Post-event, be sure to keep these two advocates involved. Writing a letter of appreciation to the top of the department’s food chain, or sharing some event swag will go a long way toward keeping these people on the hook. This could help get others within these departments interested in the event, thus providing more support over the years. Your two municipal supporters will be organizational spark plugs, making life easier on countless levels.
3. Build Cooperation with USA Triathlon (USAT)
A great deal of pressure has been placed on USAT in recent years to reduce water-related issues and fatalities. Being a relatively young sport, reacting to the problem in a responsible and meaningful way is challenging to say the least. Remember, USAT’s current lists of requirements related to the water are MINIMUMS only.
Having their endorsement of water safety practices and available services to fill this demanding role will go way beyond a list of minimum sanctioning standards. As a governing body, USAT can’t be expected to have all the answers, but its unity behind standards of training and deployment of resources is the right course.
4. Ensure Your Lifeguards Have These 3 Qualities
Filling water safety roles at an event with just anyone holding the label lifeguard is foolhardy, ignorant and downright dangerous. While the attributes, skills and experience of a professional will never be cheap, cutting costs in any crucial event function could garner unfavorable attention in the event a critical incident occurs.
Make sure your lifeguards have:
Seasoned professional lifeguards with experience working in coastal or open water environments are a must over those from strictly a pool environment.
Levels of motivation often align with the level of professionalism, certification and experience a lifeguard has worked to achieve. Use your instincts to watch how guards interact with you, your team, and participants at every touchpoint in your relationship.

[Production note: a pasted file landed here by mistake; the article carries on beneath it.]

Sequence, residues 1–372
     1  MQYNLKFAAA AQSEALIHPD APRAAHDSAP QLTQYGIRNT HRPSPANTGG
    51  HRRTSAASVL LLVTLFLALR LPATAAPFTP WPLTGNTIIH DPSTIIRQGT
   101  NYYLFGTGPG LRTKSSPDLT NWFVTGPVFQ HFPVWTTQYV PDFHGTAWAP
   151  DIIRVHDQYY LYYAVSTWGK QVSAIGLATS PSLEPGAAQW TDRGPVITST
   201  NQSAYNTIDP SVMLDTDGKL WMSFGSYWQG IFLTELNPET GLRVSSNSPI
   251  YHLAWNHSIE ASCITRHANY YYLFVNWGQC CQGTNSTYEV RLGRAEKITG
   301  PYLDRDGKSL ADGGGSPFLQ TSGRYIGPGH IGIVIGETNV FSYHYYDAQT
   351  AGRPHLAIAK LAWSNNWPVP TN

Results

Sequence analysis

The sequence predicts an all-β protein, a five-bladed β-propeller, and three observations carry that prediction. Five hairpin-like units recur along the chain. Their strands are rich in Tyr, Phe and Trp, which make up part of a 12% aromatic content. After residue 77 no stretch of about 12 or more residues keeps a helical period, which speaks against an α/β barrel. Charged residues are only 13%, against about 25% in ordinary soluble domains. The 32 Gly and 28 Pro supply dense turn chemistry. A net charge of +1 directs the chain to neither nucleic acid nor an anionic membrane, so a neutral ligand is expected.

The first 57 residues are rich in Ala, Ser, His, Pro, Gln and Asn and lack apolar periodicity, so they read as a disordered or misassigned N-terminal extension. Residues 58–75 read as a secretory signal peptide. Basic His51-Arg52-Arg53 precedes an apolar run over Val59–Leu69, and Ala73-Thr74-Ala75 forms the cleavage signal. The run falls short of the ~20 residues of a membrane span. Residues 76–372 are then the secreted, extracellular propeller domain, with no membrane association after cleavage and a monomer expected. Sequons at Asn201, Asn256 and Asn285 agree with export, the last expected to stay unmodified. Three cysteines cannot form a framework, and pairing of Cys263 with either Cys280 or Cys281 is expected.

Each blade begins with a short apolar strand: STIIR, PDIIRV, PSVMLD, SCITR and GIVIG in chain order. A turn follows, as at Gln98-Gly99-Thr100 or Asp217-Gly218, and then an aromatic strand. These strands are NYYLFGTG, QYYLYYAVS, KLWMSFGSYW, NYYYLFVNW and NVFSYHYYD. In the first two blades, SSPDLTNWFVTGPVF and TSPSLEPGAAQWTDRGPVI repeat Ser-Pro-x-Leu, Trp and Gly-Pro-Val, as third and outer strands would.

The American Red Cross (ARC) does a great job and has set the standard for pool guards across the nation for decades. Its curriculum, standards and training programs have saved countless lives. Its “Water Front” training adjunct helped address the need for additional skills of those working in an open water environment.
But be warned—in each of these cases, the student is “certified” to have passed the course at one time, but continuing education and physical requirements are left up to the employer. Kids can hold the title of lifeguard to fulfill the requirements of an insurance company with diverse levels of physical ability, experience, skill development, judgment, growth, leadership and scope of responsibilities.
The United States Lifesaving Association (USLA) is the organization recognized as the leader in coastal lifeguard operations and training.
The USLA’s long history of success stems from its devotion to improvement and continuous communication with many of the industry’s elite leaders. The organization recognizes that the environmental intensity of the coastal and open water worlds around us demand an elevated degree of professionalism, seen in:
- High degree of water skills just to be accepted into the USLA training sets all USLA-level guards apart from the rest.
- Long-standing traditions and history help steer and shape young lifeguards well before their first day of training.
- USLA certification is backed by a higher rate of pay, greater upward mobility and a true career path.
The capabilities, training and motivation of typical USLA guards make them the most suited to protect competitors of triathlons and open water swims. When a USLA-level guard is standing in a tower, triathletes can be confident that if trouble occurs, these guards will be ready. It goes far beyond just looking the part.
With so much out of the event director’s hands, it’s crucial that triathlon and other swim event organizers enlist the highest degree of water safety skills, rescue talents and resources at every race.